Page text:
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Yankees 8, Blue Jays 3: Big and small bats cruise past Toronto

Lots of offense early put the game on ice

New York Yankees v Toronto Blue Jays Photo by Douglas P. DeFelice/Getty Images

I hope, if you watched today’s game, you got to experience the joy of a BOTSO booth, featuring highlights like “The Yankees have the 2 biggest bats in terms of physical bigness in baseball”, and “I have to apologize, Castro is from Venezuela, not Caracas”. Signature performance from the boys in the booth. Regardless of how you felt about the broadcast, the game itself was a mostly good showing from all sides of the roster, as the Yankees topped the Blue Jays 8-3.

The top half of the Yankee lineup was pretty stacked, and they showed off in the first inning. After Aaron Judge and Aaron Hicks reached on a single and walk respectively, Luke Voit and Clint Frazier traded doubles to put the Yankees up 3-0. Both hits came on mistakes — a four-seam to Voit center-cut, and a cutter that failed to cut away from Frazier. Good to see the good hitters hit good. Derek Dietrich followed with an RBI single, and Jays starter Tanner Roark was pulled before making it through an inning.

Roark then came back for the second inning, which I didn’t know was allowed but hey, fake baseball. Tyler Wade jacked a double at 106.3 mph, the second hardest hit ball of his life — including playoffs, spring training, and regular season. Roark was brought back out to get his pitch count up, but if Tyler Wade is seeing you that well, you should maybe finish your day in a bullpen session. Thairo Estrada added a long, three-run bomb in the third, also off Roark, giving both the starters and the expected reservists some decent production on the day.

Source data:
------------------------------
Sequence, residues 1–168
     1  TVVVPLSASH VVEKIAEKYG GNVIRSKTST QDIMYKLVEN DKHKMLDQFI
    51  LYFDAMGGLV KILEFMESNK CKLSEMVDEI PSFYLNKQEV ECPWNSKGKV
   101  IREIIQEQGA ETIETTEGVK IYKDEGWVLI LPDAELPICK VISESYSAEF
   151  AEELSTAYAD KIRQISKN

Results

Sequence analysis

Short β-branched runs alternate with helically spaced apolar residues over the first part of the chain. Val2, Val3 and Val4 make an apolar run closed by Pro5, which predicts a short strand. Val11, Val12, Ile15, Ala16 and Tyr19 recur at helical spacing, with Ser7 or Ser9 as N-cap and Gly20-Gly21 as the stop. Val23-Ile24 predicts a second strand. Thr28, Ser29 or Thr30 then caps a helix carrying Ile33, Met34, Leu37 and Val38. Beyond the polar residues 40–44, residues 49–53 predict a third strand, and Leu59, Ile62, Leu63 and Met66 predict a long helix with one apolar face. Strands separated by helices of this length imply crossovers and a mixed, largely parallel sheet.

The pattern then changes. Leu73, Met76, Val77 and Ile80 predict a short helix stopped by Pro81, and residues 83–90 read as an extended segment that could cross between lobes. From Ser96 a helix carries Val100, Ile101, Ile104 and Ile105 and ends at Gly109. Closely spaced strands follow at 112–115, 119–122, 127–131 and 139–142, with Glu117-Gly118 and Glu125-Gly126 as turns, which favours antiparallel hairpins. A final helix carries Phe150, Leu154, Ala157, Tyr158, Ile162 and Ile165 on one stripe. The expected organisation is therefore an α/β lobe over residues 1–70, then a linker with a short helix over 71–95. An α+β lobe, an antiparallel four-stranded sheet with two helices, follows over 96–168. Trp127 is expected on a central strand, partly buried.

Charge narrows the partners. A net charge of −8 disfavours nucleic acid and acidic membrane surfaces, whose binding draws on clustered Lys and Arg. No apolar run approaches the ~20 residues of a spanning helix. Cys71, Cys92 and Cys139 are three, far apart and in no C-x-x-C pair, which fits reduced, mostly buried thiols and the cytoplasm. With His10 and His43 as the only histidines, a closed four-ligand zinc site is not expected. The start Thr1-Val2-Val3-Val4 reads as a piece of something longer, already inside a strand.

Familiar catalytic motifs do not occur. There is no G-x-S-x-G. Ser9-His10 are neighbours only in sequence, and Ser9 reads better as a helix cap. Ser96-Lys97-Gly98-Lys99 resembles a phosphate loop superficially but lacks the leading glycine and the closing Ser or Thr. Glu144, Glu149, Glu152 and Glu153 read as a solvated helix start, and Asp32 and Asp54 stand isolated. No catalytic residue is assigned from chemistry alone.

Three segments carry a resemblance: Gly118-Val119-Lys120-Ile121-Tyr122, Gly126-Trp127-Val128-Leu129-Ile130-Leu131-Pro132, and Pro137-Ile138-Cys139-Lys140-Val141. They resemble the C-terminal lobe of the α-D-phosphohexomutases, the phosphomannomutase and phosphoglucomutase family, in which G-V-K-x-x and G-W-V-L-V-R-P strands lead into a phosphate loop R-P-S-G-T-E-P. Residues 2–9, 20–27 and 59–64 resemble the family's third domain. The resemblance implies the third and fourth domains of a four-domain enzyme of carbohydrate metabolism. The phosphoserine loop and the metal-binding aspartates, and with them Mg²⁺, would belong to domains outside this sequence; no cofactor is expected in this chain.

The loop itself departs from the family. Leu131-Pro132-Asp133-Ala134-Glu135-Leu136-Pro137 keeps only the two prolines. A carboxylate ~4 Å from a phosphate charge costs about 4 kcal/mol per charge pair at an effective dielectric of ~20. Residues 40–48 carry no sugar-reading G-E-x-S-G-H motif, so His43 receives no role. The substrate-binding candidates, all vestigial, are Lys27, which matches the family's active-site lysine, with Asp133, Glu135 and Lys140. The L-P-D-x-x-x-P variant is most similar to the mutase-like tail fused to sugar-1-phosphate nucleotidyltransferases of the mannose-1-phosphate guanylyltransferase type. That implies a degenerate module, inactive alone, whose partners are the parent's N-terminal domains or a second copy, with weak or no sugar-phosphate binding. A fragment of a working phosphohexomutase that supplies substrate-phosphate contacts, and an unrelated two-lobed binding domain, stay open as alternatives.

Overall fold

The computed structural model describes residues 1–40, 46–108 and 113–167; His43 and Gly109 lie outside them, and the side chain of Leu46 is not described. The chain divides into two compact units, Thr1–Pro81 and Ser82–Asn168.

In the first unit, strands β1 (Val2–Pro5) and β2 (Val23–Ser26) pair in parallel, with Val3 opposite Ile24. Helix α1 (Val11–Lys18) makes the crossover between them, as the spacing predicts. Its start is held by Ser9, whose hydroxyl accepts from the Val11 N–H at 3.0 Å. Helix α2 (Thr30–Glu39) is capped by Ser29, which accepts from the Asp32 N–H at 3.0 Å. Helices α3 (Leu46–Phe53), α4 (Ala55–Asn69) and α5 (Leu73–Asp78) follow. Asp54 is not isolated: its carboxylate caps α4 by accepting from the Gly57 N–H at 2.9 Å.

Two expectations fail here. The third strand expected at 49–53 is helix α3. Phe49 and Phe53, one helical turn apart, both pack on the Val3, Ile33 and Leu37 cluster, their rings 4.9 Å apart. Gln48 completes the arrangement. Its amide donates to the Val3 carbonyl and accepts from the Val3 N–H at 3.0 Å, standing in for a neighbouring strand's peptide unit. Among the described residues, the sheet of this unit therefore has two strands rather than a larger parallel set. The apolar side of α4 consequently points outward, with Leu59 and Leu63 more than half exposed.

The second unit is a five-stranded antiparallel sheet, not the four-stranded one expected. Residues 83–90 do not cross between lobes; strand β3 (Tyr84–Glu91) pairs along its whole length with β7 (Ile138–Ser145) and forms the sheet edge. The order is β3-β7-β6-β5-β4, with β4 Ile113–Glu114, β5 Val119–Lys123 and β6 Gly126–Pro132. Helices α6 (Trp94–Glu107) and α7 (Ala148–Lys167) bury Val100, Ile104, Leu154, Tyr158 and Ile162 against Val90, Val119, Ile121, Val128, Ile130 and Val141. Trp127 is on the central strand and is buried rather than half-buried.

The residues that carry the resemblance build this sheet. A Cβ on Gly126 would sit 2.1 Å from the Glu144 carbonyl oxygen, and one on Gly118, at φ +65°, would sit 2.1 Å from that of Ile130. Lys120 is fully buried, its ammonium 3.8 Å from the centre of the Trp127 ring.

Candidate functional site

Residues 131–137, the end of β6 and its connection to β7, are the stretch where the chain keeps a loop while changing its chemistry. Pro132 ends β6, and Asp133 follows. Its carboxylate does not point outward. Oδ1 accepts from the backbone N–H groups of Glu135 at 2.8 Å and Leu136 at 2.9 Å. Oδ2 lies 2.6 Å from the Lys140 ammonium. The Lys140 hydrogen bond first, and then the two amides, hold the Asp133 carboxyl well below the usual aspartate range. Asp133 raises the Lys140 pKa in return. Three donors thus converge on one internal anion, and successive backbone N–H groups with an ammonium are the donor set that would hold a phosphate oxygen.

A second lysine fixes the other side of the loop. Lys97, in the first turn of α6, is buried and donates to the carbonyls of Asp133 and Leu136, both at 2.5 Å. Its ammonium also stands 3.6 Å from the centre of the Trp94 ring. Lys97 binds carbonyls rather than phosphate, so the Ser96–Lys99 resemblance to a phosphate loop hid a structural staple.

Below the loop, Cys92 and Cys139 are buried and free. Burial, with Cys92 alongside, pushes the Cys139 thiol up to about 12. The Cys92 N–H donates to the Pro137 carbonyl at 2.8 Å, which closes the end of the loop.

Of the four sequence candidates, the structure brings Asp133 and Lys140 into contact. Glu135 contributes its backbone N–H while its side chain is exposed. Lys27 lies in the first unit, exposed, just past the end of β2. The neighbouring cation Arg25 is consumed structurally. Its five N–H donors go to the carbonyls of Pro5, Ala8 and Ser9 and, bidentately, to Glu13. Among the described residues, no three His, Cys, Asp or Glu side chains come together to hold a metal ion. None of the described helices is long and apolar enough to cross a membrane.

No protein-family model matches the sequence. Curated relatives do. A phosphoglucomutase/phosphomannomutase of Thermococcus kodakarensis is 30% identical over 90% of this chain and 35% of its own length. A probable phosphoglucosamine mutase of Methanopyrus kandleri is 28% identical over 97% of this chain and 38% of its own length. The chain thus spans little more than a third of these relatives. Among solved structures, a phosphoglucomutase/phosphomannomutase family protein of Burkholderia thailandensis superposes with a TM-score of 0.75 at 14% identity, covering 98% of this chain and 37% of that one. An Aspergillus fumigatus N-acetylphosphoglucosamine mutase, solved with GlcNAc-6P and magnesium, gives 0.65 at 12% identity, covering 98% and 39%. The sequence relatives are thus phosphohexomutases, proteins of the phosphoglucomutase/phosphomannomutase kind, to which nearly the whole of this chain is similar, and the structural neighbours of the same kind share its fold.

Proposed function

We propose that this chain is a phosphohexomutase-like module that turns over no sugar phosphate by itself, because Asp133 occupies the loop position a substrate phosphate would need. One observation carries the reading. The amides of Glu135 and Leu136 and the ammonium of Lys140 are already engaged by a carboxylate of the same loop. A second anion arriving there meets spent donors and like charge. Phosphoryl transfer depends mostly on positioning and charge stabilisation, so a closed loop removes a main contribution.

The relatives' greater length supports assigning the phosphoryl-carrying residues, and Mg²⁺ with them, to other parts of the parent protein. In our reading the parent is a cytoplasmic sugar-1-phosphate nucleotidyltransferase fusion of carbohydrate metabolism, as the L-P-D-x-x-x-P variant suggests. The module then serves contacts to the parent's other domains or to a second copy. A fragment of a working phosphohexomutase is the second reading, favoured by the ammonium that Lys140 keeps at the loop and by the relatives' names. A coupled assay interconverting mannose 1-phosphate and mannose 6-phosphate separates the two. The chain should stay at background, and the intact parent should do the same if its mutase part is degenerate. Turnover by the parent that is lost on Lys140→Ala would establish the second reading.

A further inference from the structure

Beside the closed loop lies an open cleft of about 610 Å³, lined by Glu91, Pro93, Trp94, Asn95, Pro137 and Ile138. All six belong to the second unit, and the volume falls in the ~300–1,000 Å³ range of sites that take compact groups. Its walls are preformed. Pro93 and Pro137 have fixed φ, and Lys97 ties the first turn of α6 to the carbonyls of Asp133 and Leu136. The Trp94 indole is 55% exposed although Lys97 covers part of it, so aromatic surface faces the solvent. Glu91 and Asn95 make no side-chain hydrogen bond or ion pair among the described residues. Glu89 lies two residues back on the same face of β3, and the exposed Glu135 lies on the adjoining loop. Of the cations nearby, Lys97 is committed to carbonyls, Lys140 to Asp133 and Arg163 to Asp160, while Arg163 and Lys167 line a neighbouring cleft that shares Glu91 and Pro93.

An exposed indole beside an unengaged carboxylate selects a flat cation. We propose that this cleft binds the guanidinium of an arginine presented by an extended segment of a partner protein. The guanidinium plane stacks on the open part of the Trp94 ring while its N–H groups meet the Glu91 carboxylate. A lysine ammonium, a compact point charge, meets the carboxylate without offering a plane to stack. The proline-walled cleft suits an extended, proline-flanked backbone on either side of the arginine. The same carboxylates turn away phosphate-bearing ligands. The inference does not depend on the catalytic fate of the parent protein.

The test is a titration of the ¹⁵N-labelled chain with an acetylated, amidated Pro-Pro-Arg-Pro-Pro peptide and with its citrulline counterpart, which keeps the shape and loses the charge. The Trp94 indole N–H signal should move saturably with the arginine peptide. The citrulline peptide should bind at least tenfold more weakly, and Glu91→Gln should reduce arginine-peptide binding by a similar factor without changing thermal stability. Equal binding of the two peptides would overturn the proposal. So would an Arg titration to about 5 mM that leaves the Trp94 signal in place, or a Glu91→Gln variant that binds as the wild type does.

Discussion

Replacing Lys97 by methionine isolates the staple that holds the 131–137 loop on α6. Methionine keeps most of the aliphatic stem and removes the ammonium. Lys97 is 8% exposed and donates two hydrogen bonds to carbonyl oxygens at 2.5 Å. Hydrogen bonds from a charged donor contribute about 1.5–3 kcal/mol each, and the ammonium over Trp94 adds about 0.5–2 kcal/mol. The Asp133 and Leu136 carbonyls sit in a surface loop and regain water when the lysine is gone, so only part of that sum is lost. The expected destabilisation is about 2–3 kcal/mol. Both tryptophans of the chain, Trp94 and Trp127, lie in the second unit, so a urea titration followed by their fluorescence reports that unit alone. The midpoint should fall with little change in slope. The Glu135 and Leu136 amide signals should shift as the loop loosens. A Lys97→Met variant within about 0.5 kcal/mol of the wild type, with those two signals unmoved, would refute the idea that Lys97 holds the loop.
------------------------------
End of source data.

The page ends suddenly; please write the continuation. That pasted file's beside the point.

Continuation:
Pitching I said in the gamethread that Gerrit Cole hadn’t quite looked Cole-ish this spring, and he answered some of those concerns today. After a shaky first inning — I thought the leadoff flyout from George Springer was going to leave the park — both pitchers complained about a wet mound, and from there, Cole was on autopilot.

He struck out the side in the third, then the next two batters — Bo Bichette and Vlad Guerrero Jr. — in the fourth struck out and weakly grounded out. All told, Cole’s final line for the day was 5 IP, 1 ER, 4 H, 1 BB, 8 K, and even the home run he allowed to Marcus Semien wasn’t a mistake, but a piece of good, or lucky, hitting:

That pitch is 97 mph at the letters, and Semien was able to speed the bat up and make good contact on it. Semien is a great hitter, to be sure, but if Cole lives up there full time, he’s going to have a lot of success.

Asher Wojciechoski had himself a good afternoon as well, striking out three men on 23 pitches. Unfortunately, he came up grimacing after a pitch, grasping at his ribcage and was taken out of the game. The Yankees are already down Zack Britton and Clarke Schmidt to start the season, moving every other reliever up a slot in importance. Fingers crossed that Asher isn’t sidelined for very long.

Lucas Luetge came in midway through the seventh after Woj’s injury, and had his worst outing of spring. Two long home runs, one to Teoscar Hernández and the other to Kevin Smith highlighted some of the issues Luetge could have facing righties in greater sample sizes.

The last full week of spring training starts tomorrow, with the Yankees taking on the Phillies at 6:35pm eastern. The game will be broadcast on YES, with John Sterling and Michael Kay once again on the call.